Memo to government: Get your ducks in a row
Political scientist provides model for avoiding mistakes.
Political scientist provides model for avoiding mistakes.
All democratically elected governments end in failure. They lose the confidence of the voting public by regularly making the same mistakes. This puzzles political scientists, who study the reasons for this failure to learn from historical experience.
Among these mistakes are promises to fix complex problems – such as poverty, housing, and unemployment – for which there are no easy solutions. Governments implement policies with no considerations for the consequences, intended or unintended. They under-estimate the public’s ability to accept unpopular moves that turn out to be the right policies.
Every day, politicians and their government servants face a barrage of criticism for their shortcomings from the affected public, opposition politicians, lobbyists, and media commentators.
In the past week, I noticed a minor one about the funding of public schools. A so-called “equity index” had replaced the decile system, supposedly to give the schools in poor areas a leg up.
Equity is not the same as equality, so the danger signs were there. The outcome was reduced funding for a Catholic school in South Auckland largely made up of Pasifika students. Though based in a poor area as defined by the decile system, it was penalised on equity grounds because it had outperformed other comparable schools.
A reasonable interpretation was that its religious environment had benefitted the students, and therefore the school’s performance, regardless of the community’s economic status. In other words, instead of being rewarded, the school was punished for doing better than its peers. That gives a much different meaning to equity.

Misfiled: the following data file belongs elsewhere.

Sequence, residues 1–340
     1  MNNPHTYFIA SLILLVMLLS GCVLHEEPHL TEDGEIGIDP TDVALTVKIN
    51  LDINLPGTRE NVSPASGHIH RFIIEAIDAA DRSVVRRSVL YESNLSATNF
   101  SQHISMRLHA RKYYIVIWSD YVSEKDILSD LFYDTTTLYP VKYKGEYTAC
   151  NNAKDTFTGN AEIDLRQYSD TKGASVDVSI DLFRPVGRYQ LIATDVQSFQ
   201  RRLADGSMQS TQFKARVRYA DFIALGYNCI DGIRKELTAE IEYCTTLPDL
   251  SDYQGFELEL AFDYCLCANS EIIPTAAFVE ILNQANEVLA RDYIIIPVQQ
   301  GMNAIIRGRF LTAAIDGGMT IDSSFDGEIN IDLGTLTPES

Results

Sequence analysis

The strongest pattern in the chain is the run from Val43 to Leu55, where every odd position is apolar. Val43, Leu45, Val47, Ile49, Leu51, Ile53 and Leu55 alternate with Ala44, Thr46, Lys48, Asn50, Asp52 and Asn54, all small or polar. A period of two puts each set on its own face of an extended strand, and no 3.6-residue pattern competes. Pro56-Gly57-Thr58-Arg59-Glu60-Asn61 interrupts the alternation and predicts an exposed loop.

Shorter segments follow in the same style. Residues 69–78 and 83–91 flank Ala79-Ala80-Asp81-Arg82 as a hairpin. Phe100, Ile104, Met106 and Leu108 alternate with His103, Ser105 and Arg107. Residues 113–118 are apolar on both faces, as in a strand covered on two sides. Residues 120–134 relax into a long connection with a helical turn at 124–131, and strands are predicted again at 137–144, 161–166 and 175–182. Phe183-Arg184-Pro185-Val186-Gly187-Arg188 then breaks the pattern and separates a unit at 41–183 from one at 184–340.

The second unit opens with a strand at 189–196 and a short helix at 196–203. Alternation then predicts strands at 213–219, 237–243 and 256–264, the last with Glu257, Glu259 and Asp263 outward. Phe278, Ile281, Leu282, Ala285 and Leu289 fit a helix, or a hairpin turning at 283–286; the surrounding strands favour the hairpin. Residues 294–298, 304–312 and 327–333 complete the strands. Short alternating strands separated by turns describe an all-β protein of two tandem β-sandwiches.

This one example can be multiplied a dozen times when analysing why a one-party Government, elected just two years ago on a wave of pandemic response popularity, is now being rated as likely to lose the next election.
The reasons are contained in Why Governments Get It Wrong, by political scientist Dennis C Grube, a professor at the University of Cambridge. As a former speech writer for the Tasmanian state government, Grube has inside knowledge of the political process, and the gap between intention and implementation.
He has authored several academic monographs but this is his first book for the general public. It delivers a simple four-step formula for getting any policy across the line to acceptance. He also produces plenty of evidence of why this doesn’t happen as much as it could.
Four ‘ducks’ have to line up for success. Simply, they are getting a problem defined; putting a story or narrative around how it can be solved; establishing a need through data and evidence; and implementing it without mistakes.
The first step usually exposes the weakness of any policy or issue that needs a solution. Is there actually a problem to solve? Often that is not the case, but political parties are often driven by ideological concerns.
Arguably, the decisions to centralise control of water, hospitals, public broadcasting, and polytechnics were ideological rather than pragmatic. Grube comments:
Problem definition is not necessarily about the ‘truth’ but simply about a perception of a segment of the truth – a segment that is capable of being framed into a problem.
If there is a problem to solve, the reasons need to be explained before the third duck is lined up, providing the evidence for why it should proceed.
Grube provides many examples to illustrate how his model works. Most are well known, such as President Donald Trump’s wall along the border with Mexico to keep out illegal immigrants. The first three ducks looked secure: no country can sustain high levels of illegal migration.
The failure came with implementation. The wall alone did not solve the problem; other solutions have yet to be found. By contrast, Australia’s handling of illegal immigrants was more successful, even if the methods were considered too harsh by many Australians.